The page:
The Imitative Mind: Development, Evolution and Brain Bases

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Overview

Modern research demonstrates that imitation is more complex and interesting than classical theories proposed. Monkeys do not imitate whereas humans are prolific imitators. This book provides an analysis of empirical work on imitation and shows how much can be learned through interdisciplinary research ranging from cells to individuals, apes to men, and babies to adults. Covering diverse perspectives on a great puzzle of human psychology, the book is multidisciplinary in its approach to revealing how and why we imitate

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Editorial Reviews

From The Critics
European and US psychologists attending a March 1999 conference at Kloster Seeon in Bavaria present 18 papers on developmental and evolutionary approaches to imitation; cognitive approaches to imitations, body scheme, and perception-action coding; and neuroscience underpinnings of imitation and apraxia. They focus on imitation at the level of individual behavior, short-lived imitative acts, and the functional architecture of how imitation is accomplished at the psychological and neuro-physiological levels. Annotation c. Book News, Inc., Portland, OR (booknews.com)
From the Publisher
Review of the hardback: 'Most of the book's merit is in the chapters themselves, most of which are skillfully written such that their relevance goes beyond the limits of the discipline at hand and illuminates issues relevant to neighboring disciplines as well. The two editors are leading figures in the fields of developmental and experimental psychology, and their respective research contributions blend well conceptually.' Nature Neuroscience

Review of the hardback: 'Despite the variety of disciplines and viewpoints represented, the editors, Meltzoff and Prinz, were able to foster a strong sense of coherency by encouraging the authors to make strategic cross-references to each other's papers. Without exception the essays are rich in empirical data. Experiments are viewed, and in a few cases previously unpublished experiments are discussed.' Infant and Child Development

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Product Details

Meet the Author

Andrew N. Meltzoff studied psychology at Harvard and Oxford (D. Phil. 1976). He has been a full professor at the University of Washington since 1988. In 2000 he was named Director of the UW Center for Mind, Brain and Learning. Meltzoff is the recipient of a National Institute of Health Merit Award for outstanding research. He is a Fellow of the American Association for the Advancement of Science, the American Psychological Association, the American Psychological Society, and a foreign member of the Norwegian National Academy of Science and Letters. He is the co-author of Words, Thoughts and Theories (1997) and The Scientist in the Crib: What Early Learning Tells Us about the Mind (1999).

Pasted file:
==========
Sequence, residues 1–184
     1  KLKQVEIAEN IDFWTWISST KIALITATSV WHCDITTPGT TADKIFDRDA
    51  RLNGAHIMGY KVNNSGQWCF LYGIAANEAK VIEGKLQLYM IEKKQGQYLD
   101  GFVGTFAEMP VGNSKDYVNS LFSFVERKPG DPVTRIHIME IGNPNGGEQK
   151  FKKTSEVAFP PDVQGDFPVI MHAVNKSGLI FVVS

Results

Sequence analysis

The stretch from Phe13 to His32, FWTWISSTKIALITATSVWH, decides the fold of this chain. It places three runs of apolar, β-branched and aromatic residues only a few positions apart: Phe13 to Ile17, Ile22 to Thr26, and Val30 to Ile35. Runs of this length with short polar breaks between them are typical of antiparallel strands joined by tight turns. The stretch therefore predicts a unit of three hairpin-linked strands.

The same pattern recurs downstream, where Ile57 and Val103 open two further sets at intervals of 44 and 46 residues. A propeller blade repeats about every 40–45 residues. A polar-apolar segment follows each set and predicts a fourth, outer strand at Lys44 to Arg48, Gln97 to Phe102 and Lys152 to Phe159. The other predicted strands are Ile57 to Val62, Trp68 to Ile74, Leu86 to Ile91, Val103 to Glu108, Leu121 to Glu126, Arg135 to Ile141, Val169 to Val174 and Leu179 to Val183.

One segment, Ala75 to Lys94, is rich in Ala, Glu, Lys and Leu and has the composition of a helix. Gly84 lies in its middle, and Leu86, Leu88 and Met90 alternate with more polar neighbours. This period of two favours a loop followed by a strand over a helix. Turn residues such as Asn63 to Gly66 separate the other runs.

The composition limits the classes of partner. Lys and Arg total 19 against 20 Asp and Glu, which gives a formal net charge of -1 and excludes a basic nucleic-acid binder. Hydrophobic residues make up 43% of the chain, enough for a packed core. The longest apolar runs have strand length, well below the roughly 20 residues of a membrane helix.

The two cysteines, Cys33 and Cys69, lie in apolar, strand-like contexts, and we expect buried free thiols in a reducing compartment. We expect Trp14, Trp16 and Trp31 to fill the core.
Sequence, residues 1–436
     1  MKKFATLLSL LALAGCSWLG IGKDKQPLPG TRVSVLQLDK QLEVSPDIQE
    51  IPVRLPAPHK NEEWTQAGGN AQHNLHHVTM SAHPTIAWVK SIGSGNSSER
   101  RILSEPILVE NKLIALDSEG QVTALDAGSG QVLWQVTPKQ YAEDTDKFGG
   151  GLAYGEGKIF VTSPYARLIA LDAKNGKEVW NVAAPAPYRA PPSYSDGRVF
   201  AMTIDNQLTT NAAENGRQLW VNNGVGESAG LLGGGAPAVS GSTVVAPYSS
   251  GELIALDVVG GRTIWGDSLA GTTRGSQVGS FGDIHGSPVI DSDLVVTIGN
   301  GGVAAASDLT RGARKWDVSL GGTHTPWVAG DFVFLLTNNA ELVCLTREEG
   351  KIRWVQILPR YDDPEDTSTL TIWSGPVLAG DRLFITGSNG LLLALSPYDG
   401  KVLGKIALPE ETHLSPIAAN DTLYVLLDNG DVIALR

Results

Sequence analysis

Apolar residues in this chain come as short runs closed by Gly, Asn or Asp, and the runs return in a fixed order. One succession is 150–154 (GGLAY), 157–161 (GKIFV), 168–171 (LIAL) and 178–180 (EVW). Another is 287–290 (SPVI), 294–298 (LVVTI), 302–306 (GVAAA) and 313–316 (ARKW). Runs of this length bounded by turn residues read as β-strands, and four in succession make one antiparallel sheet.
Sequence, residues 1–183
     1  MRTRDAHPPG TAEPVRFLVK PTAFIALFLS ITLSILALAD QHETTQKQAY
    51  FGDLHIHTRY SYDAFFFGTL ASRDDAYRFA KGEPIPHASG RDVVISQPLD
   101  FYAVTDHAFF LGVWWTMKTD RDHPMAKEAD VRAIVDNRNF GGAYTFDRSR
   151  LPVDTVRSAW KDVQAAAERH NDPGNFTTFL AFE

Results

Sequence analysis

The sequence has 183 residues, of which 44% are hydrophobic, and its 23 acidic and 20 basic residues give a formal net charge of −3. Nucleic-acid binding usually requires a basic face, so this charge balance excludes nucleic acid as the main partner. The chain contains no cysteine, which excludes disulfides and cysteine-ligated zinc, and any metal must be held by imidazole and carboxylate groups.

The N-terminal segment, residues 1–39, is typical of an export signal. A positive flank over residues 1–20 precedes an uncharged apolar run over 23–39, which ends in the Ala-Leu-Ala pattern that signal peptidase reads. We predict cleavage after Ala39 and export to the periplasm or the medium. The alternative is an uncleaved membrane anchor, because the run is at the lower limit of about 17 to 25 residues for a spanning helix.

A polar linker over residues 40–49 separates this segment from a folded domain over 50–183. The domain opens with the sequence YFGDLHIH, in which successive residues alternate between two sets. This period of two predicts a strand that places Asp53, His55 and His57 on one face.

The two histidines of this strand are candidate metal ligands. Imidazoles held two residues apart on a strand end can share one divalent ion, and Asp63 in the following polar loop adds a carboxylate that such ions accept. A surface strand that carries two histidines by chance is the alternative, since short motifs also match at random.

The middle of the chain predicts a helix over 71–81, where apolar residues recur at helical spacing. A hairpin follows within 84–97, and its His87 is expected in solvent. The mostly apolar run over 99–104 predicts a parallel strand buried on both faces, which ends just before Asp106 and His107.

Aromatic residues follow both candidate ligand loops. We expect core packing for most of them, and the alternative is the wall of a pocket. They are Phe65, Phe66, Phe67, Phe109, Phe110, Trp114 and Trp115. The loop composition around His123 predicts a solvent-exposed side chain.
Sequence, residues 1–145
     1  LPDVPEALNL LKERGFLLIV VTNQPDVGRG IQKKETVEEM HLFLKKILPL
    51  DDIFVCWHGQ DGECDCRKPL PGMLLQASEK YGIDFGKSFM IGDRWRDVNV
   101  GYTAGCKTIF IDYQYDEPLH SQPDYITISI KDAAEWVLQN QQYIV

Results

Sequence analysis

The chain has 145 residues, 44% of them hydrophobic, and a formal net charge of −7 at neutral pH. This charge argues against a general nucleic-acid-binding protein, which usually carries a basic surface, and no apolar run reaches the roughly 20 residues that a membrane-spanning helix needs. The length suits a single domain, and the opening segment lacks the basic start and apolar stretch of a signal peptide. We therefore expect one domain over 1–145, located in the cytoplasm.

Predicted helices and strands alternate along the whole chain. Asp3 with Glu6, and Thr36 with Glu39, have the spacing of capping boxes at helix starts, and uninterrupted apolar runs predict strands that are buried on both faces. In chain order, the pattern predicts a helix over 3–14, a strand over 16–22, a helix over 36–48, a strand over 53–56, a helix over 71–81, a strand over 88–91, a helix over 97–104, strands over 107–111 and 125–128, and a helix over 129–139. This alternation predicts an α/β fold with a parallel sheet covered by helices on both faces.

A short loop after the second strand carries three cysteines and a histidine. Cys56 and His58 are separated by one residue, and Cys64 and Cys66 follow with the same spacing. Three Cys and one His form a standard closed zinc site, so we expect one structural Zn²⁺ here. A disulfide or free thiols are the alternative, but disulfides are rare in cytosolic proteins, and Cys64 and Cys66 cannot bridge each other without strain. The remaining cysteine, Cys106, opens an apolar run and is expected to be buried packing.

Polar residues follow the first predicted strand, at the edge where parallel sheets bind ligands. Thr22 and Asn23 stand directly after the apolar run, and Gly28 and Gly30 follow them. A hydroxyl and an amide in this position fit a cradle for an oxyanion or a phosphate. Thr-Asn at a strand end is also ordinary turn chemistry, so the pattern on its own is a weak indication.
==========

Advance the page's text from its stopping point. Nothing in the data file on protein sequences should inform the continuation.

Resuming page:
Wolfgang Prinz studied Psychology, Philosophy and Zoology at the University of Muenster, Germany. He took his Ph.D. in 1970 at the Dept. of Psychology at the University of Bielefeld (1975–1990) and at the Ludwig-Maximilians-University Munich (1990–1998). Since 1990 he is the Director at the Max Planck Institute for Psychological Research, Munich. He has published empirical and theoretical work on perception, action, consciousness and attention as well as on the history of psychology.

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Table of Contents

Contributors
Acknowledgments
An introduction to the imitative mind and brain 1
1 Elements of a developmental theory of imitation 19
2 Imitation and imitation recognition: Functional use in preverbal infants and nonverbal children with autism 42
3 Self-awareness, other-awareness, and secondary representation 63
4 Notes on individual differences and the assumed elusiveness of neonatal imitation 74
5 Ego function of early imitation 85
6 The imitator's representation of the imitated: Ape and child 98
7 Seeing actions as hierarchically organized structures: Great ape manual skills 122
8 Experimental approaches to imitation 143
9 Imitation: Common mechanisms in the observation and execution of finger and mouth movements 163
10 Goal-directed imitation 183
11 Visuomotor couplings in object-oriented and imitative actions 206
12 On bodies and events 221
13 What is the body schema? 233
14 From mirror neurons to imitation: Facts and speculations 247
15 Cell populations in the banks of the superior temporal sulcus of the macaque and imitation 267
16 Is there such a thing as functional equivalence between imagined, observed, and executed action? 291
17 The role of imitation in body ownership and mental growth 311
18 Imitation, apraxia, and hemisphere dominance 331
Index 347
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